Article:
MIAF Diary #2: Intimacy, The Blue Dragon ~ theatre notes

Tuesday, October 12, 2010

MIAF Diary #2: Intimacy, The Blue Dragon

In 2007, Raimondo and Adriano Cortese's company Ranters had an independent hit with their production Holiday, which saw a return season at the Malthouse the following year. Featuring Ranters regulars Paul Lum and Patrick Moffatt, Holiday was an apparently artless construction of inconsequential conversations between strangers at a resort, punctuated by some beautiful baroque singing. Absurd and gently comic, it opened up the vulnerabilities and innocence of its characters, leaving you with a mysterious buoyancy and joy.

Since then, Ranters have further explored the idea of the inconsequential through different scenarios. Importing Beth Buchanan into their ensemble, they produced Affection at the Arts Centre's Black Box, which followed the conversations of friends in a lounge room. I thought this show exposed the perils of this kind of theatre, which walks a fiendishly narrow line between an artful transparency and the merely banal. Is it enough to frame the apparently "ordinary" to make it art?

Their much-anticipated show Intimacy, Malthouse Theatre's festival offering, explores the same conceit again, but does little to deepen the inquiry. Here the narrator (Lum) approaches strangers in St Kilda (Buchanan and Moffatt) and asks if they would like to talk. "A surprising number," he reports, "said yes." What follows is a kind of documentary relation of these conversations, presented as theatre.

Anna Tregloan's set is a consciously theatrical, abstract space: the stage is naked except for several large rocks, like those you might find on a foreshore, its walls surrounded by plain blue curtains. St Kilda itself is evoked by an introductory video and a burst of ambient sound. Then there's a close-up of Moffatt's face, labelled "Russell, 62", and the first conversation, with a man who is a roller-coaster geek, gets under way. The conversations are punctuated by longish silences, and the odd spot at a karaoke bar, where one or other of the performers shows how badly they can sing. (Though anyone who has seen Holiday won't believe it). And there are a couple of deliberately amateurish dance routines.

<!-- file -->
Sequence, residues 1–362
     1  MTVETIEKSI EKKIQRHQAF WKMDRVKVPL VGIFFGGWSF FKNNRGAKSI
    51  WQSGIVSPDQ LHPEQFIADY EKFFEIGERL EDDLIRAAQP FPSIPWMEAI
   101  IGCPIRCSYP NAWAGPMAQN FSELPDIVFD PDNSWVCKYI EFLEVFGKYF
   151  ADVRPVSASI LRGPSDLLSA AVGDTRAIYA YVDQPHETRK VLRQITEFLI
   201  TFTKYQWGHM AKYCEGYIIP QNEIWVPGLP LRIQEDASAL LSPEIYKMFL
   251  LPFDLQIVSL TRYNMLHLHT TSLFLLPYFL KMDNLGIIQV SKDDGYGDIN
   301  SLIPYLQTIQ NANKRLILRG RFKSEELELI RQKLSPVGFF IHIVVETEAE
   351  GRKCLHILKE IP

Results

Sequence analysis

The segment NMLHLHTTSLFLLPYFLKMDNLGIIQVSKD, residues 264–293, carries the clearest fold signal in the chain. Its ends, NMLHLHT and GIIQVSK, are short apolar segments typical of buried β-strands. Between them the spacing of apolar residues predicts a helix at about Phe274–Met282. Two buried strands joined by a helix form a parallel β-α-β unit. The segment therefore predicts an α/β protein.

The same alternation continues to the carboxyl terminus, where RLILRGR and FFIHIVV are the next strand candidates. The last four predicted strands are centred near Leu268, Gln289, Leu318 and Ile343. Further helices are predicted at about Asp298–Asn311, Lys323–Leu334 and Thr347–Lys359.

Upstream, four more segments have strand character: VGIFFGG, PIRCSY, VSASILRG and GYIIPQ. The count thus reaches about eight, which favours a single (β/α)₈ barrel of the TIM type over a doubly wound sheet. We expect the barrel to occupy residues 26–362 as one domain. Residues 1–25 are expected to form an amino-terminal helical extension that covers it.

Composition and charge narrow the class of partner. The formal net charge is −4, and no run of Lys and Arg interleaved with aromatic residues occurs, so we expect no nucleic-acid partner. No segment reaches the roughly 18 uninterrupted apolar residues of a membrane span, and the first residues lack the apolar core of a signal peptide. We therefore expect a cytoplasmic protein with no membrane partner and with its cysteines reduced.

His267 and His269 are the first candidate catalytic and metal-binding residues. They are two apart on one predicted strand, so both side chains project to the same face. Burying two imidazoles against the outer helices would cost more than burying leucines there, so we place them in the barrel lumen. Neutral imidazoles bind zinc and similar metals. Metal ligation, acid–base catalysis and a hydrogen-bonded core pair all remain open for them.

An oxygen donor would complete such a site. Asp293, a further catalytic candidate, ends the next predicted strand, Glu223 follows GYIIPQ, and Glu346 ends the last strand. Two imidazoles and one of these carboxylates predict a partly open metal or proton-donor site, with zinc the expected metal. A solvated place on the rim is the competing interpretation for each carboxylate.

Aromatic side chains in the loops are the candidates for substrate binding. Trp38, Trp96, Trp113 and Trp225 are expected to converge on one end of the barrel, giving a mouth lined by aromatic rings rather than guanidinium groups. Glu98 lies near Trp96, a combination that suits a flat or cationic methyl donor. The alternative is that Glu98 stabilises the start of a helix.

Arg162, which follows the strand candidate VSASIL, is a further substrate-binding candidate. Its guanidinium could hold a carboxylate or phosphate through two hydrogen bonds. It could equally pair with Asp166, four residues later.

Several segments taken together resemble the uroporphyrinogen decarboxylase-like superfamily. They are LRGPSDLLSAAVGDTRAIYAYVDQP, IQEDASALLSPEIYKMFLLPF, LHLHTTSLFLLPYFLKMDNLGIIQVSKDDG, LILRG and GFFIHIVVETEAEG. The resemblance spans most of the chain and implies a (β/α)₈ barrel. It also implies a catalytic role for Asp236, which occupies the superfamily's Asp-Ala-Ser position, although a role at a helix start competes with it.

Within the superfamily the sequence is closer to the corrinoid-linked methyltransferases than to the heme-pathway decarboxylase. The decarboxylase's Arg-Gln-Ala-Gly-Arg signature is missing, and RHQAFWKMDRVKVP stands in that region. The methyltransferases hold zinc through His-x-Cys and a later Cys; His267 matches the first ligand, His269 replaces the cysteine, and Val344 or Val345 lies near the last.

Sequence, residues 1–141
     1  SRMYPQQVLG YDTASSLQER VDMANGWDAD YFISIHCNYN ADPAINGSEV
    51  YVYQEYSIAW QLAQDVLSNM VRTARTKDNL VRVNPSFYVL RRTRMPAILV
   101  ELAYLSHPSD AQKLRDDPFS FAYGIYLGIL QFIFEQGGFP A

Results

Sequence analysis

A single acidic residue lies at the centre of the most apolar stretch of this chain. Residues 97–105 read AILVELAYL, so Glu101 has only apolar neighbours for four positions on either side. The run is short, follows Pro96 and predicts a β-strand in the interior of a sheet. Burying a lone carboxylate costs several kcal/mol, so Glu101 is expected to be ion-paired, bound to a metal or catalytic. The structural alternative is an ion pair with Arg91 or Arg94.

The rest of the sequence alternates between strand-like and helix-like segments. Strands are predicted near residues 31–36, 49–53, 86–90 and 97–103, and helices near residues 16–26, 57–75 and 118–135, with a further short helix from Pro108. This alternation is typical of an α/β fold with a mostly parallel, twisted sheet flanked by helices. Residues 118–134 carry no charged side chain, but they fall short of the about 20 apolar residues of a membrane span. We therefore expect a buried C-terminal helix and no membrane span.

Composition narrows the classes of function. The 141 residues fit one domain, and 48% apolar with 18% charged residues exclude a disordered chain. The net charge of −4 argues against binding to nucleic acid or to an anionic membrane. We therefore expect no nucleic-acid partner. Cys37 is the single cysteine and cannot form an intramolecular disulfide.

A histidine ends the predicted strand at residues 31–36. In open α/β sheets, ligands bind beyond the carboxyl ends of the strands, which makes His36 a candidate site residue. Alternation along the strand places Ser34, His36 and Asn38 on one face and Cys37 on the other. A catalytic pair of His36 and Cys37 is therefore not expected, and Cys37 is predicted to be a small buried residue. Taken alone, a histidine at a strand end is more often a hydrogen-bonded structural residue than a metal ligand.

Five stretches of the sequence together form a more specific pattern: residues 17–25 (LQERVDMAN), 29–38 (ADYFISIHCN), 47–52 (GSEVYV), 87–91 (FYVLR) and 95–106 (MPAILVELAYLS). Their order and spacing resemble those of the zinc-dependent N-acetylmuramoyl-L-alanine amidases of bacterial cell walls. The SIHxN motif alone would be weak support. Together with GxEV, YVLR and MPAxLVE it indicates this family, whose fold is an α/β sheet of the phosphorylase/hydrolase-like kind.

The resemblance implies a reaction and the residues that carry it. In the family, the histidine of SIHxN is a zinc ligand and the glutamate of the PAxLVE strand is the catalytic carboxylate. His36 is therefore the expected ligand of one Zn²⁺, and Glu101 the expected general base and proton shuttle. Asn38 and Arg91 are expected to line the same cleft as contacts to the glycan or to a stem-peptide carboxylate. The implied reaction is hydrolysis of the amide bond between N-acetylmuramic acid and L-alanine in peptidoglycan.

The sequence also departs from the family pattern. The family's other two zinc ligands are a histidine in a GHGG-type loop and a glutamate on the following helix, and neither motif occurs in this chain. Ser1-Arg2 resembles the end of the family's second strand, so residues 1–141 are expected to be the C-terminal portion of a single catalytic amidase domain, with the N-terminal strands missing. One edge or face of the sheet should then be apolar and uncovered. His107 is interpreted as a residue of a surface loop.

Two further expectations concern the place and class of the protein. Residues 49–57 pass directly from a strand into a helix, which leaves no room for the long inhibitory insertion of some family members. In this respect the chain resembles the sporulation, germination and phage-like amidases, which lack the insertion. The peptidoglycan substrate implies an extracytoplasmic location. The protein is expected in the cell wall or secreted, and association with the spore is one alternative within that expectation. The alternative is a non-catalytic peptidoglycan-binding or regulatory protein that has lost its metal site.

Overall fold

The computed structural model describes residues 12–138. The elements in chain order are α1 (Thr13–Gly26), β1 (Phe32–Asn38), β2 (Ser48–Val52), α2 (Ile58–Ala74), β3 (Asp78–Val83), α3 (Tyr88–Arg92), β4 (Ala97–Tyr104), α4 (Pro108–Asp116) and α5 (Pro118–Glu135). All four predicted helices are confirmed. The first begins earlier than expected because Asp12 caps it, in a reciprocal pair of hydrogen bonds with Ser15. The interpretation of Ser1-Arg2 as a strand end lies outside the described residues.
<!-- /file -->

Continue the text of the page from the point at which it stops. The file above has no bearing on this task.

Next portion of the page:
There's no doubt Intimacy makes affable and often funny theatre, but it seldom reaches beyond what has become a comfortable convention. It's coyly self-conscious: the silences are mannered pauses, rather than spaces in which unspoken desires and longings anxiously reveal themselves, and the conversations are too often consciously shaped to reflect back on the work itself. This isn't, in itself, a problem: but I did have a quote from Endgame echoing in my ears through the play: "We're not beginning to... to... mean something?"

I was too aware of a hand at work directing its meanings, which mitigates the airiness that made Holiday such a beautiful piece. David Franzke's maddening sound design, which seems to be at once everywhere and nowhere, flooding all available space while somehow flattening out its texture, contributes to this sense of dilution. But it might also be the premise of the show, which depends on an interlocutory framework. What do people actually reveal about themselves in interviews with strangers? The "intimacy" of its title describes the consequenceless trust between people who will probably not meet again, and the play itself seems to be about people who are unable, for whatever reason, to form close relationships. Which is to say, it's not about intimacy at all, but its avoidance.